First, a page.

18 Nov 15

A Nobel Prize for selling used cars

Showing the picture of an older couple, Steffen Schick asked the audience at the Remarketing Forum to identify the lady. More than a few identified Janet Yellen, current head of the U.S. Federal Reserve. Nobody knew the identity of the man. “That's her husband, George Akerlof. He is the only person ever to receive a Nobel Prize for selling used cars”. 

Cherries and lemons

Schick (pictured), Chief Strategy Officer at EuroTaxGlass's, was joking, but not by much: Akerlof's Nobel Prize-winning economic thesis was titled The Market for 'Lemons': Quality Uncertainty and the Market Mechanism. And of course, used car salespeople know their lemons (vehicles with hidden defects) from their cherries (cars that are extremely good value for money).

“Akerlof's paper examines market inefficiencies due to information assymetry: when the seller knows more than the buyer. When the buyer doesn't know a cherry from a lemon, he will assume that all cars are average – or worse. As a result, the bad cars drive the good cars out of the market”, Schick explained. 

Fortunately, there are plenty of reputable sales channels – exponentially more so, thanks to the internet. But too much information is a problem in itself: “How is a consumer going to derive the correct price for a car if there are so many variables to correct for?” Schick went on to establish a set of criteria and suggested methods to resolve this crucial issue, and to help dealers find the 'sweet spot' between focusing on price (but facing long stock times) and aiming for a big turnover (but losing out on revenue).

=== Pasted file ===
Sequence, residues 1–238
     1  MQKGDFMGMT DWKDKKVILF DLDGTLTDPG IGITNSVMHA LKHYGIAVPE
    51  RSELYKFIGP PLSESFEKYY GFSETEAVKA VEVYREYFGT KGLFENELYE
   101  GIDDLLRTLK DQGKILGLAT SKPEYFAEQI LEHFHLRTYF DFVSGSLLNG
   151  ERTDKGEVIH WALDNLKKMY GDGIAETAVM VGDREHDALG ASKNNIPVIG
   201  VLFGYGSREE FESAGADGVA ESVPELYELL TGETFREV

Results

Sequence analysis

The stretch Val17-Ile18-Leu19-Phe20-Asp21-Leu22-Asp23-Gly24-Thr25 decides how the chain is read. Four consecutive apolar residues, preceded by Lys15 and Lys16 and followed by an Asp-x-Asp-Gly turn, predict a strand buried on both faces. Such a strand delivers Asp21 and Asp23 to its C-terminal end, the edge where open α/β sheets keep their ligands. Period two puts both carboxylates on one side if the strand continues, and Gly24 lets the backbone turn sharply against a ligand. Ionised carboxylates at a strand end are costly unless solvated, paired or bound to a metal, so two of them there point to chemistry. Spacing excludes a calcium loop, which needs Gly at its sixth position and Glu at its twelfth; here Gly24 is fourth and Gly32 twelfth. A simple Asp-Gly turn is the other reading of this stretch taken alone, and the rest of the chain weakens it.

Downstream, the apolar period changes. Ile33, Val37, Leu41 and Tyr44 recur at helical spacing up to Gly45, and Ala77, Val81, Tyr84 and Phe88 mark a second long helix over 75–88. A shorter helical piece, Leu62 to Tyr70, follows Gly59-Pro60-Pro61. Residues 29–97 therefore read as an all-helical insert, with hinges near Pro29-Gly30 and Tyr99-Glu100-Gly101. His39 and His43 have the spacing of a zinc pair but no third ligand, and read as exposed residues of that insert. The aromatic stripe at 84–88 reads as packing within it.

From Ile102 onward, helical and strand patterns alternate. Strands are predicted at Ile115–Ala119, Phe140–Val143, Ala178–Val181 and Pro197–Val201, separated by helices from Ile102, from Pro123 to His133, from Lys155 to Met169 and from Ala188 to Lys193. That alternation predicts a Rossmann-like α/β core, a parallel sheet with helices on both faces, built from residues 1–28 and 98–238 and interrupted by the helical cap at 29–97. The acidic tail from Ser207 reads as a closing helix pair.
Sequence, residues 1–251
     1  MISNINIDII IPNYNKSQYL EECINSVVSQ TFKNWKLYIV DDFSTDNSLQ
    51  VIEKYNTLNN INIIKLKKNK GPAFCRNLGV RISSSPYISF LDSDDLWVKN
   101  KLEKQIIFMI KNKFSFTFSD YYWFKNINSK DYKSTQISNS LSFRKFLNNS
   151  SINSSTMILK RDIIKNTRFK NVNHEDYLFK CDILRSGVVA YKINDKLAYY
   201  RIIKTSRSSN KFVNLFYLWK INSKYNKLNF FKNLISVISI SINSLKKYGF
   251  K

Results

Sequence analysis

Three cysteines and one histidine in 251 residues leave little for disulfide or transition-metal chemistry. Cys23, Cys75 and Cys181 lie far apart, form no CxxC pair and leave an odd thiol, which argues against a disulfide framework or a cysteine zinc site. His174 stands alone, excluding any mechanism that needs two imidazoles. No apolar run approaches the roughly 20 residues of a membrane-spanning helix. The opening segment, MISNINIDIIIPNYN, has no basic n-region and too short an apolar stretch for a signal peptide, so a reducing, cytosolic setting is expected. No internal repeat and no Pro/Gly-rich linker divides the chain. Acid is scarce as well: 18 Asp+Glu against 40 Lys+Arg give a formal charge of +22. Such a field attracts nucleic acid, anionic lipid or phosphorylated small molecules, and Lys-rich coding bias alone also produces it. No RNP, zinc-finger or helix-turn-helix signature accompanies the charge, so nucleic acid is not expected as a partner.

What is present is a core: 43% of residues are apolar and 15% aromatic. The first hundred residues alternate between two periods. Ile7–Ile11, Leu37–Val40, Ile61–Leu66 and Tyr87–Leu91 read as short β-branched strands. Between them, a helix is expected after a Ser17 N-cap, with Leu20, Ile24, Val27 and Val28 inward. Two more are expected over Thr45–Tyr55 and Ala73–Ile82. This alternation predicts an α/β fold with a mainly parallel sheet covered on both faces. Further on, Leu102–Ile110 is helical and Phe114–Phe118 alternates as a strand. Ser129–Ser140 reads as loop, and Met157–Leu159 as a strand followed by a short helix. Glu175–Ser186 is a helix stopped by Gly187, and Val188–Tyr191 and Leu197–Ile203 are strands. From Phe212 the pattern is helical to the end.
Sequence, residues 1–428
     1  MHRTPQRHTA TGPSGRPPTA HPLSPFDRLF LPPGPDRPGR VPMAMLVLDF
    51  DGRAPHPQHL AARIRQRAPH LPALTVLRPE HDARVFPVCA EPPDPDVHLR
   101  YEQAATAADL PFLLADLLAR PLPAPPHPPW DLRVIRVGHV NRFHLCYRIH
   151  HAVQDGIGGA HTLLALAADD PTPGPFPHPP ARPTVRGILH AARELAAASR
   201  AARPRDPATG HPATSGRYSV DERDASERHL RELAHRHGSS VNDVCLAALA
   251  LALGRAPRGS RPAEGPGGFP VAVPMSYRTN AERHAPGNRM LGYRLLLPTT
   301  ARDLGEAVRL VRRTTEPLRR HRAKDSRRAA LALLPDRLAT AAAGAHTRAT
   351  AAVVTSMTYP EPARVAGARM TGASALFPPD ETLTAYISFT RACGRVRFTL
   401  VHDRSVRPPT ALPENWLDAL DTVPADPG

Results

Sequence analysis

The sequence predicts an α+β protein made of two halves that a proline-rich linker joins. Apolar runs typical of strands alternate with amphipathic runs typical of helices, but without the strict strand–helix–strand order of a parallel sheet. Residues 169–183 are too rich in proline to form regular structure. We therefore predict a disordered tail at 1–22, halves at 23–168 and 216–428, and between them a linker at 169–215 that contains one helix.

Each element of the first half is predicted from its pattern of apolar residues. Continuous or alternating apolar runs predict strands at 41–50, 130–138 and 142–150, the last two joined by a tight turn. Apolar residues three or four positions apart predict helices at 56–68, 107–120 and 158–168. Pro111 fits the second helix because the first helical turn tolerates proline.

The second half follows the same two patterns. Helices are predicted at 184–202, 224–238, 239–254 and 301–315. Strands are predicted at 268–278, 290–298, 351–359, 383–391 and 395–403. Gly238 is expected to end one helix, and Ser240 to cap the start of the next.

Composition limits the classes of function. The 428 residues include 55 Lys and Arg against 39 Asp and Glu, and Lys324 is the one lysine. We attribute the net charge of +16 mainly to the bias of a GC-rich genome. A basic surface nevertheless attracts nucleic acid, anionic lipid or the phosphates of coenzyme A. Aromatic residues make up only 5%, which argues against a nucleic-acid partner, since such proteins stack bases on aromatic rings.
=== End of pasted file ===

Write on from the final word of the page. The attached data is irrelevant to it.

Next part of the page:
Schick also provided some Big Data insight into 'Dieselgate': “Remarkably, used diesels are still outperforming used petrol cars, and even VW's residual values are holding up”. In a best-case scenario, the scandal passes without any damage to resale prices. But other scenarios, particularly those involving heavy-handed intervention by regulators, could spell a serious decline in the remarketing fortunes of diesels. 

Schick was joined on stage by Rui Ferrera, Vice President Fleet Remarketing for Hertz Europe and Ingo Schlosser, International Remarketing Manager for ALD Automotive, for a panel discussion on the challenges and opportunities for future remarketing, moderated by Johan Meyssen, CEO of CarsOnTheWeb. 

Mr. Ferrera voiced the fear that 'Dieselgate' could become something of a self-fulfilling prophecy: “In my industry, I hear about it every day. But many of my friends don't even know what it's about. I'm afraid that the more we talk about it, the worse it could get. There was already an erosion of diesel sales before the scandal, this will add to that process”.  


Mr. Schlosser noted some counter-intuitive market shifts: “In France and Poland, VW diesel sales have gone up since the scandal broke. That is very strange. And I agree with Mr. Schick: we see that prices are not dropping, and that resale values remain conservative. But indeed, if regulators make it small diesels more expensive, these cars – which were specifically designed for specific market conditions – will stop being made”. 

Disruption need not come from scandals, the speakers noted: new technology will do that  on its own. “I don't see enough emphasis in the industry on what the end consumer wants. That's an opportunity for someone new to come into the market and to do exactly that”.  

Authored by: Frank Jacobs